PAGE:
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It Takes a Real Man To Be a Good Mother
Like any son worth his salt, I have a note on my calendar in June to call my dad on Father’s Day, but unlike other men, I also have that same reminder scrawled on Mother’s Day the month before. I think the call on Mother’s Day actually means more to Ben because it acknowledges the be-yond-the-pale sacrifices he made raising four boys on his own. He wore a lot of hats in our household while we were growing up, and when I call him on both Father’s and Mother’s days, I let him know how much I appreciate all the ways he tried to be both the hand that rocked the cradle and the one that held a hammer.
Even before my mother, Joan, died of cancer in 1983, my father performed more home duties than the other dads he rode Metro-North with. He did most of the cooking even though he didn’t step off the train at the Green’s Farms station until 6:30. My mother’s job was to defrost the ingredients for that night’s meal, and my father would come home, put his briefcase down, change out of his Brooks Brothers suit and enter the kitchen with his sleeves rolled up. With one hand he mixed a Beefeater Gibson, and with the other he whipped up a diner-worthy spaghetti and meatballs or liver and onions.
Since my father had always shouldered a lot of the responsibility around our house, it’s hard to pinpoint what he did differently after my mother died. Obviously, there was a huge gaping hole in our lives – still is and although nothing could replace my mother’s quiet kindness or artistic sensibility, my father tried. He showed deep interest in our friends, especially the girls, and attempted to create the “Dear Abby” refuge that my mom would have provided. He would often talk to my girlfriend when I wasn’t even in the room, asking her sincere questions about her life, what she planned to do with it and how he could possibly help. He gave all my female friends affectionate nicknames, so they would feel welcome in a house where laundry was collected in plastic garbage cans and the Wilder boys had to be reminded not to eat dinner in their underwear. Even now, my father calls and asks me how “Pretty Polly” and family are doing in Connecticut and dutifully sends cards (and checks) to his daughters-in-law on their birthdays, Mother’s Day and Valentine’s Day, and his condolences on their wedding anniversaries. Strong enough for a man but detailed like a woman, we often say about my dad. My older brother Richard recently divorced, and shortly thereafter his ex-wife, Mimi, flew to Florida to stay with my father. They’ve developed a true friendship that does not necessarily need my brother or his children to flourish. I know she values his advice, and he deeply cares about her the way, well, a mother-in-law would.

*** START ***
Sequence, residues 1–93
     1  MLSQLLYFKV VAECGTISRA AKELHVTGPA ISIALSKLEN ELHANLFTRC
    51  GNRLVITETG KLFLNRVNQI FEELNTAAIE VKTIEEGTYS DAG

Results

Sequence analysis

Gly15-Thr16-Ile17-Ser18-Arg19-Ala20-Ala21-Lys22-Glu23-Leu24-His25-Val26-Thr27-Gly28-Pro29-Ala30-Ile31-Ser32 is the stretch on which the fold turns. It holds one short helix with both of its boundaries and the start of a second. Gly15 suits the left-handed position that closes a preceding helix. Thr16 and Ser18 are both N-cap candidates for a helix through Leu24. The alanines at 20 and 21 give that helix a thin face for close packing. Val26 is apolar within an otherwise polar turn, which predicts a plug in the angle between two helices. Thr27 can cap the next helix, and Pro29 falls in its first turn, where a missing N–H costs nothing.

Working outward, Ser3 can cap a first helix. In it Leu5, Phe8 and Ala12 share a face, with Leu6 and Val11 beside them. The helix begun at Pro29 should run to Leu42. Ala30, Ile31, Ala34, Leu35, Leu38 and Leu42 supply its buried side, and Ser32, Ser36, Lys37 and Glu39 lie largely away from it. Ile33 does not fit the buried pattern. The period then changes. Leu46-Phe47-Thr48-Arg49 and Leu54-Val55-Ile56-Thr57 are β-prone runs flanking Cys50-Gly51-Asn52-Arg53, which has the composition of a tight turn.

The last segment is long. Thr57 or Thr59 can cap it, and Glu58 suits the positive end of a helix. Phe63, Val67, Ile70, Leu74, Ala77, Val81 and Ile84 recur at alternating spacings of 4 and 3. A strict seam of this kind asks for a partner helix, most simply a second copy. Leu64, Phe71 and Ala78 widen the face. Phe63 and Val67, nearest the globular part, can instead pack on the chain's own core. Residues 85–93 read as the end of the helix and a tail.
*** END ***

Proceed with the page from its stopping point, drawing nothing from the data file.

he other thing I admire about my dad is how he never worried about his masculinity or whether he would be ridiculed for baking our town’s best crustless cheesecake in a springform pan. He was always happy to play any role we needed to make our lives seem less damaged. My brother Tom was always the quiet one of the Wilder boys, and my mother’s death didn’t make him feel he had much more to say after that. He had many friends, though, and was asked by an older girl to attend a dinner at her house before a formal dance. A bunch of mothers were preparing an elaborate meal, and at the last minute one of the moms bailed. Tom asked my dad if could step in and help prepare and serve with all the other moms. I understand my dad well enough to know that he would have canceled anything to help his son and his friends, and would have happily donned an apron and oversize oven mitts as if he had been part of the planning committee all along.
Today I think all of us Wilder boys try to carry on some of Ben’s maternal traditions, though I have to admit my dad can still cook rings around me, and aprons don’t look that good on my fortysomething body. But I’ve learned from watching my dad that defined gender roles have been cultivated mostly out of fear and blindness, not out of the kind of love I know a man can have for his children. I hope some day to be immortalizes in a high-school programme the way my father was when my brother Eddie was a lead in “God-spell”. If you look on the page listing the cast and crew in that photocopied playbill, under the heading “Cast Mom”, it happily reads: “Ed’s Dad!”
By Robert Wilder (Newsweek May 15, 2006)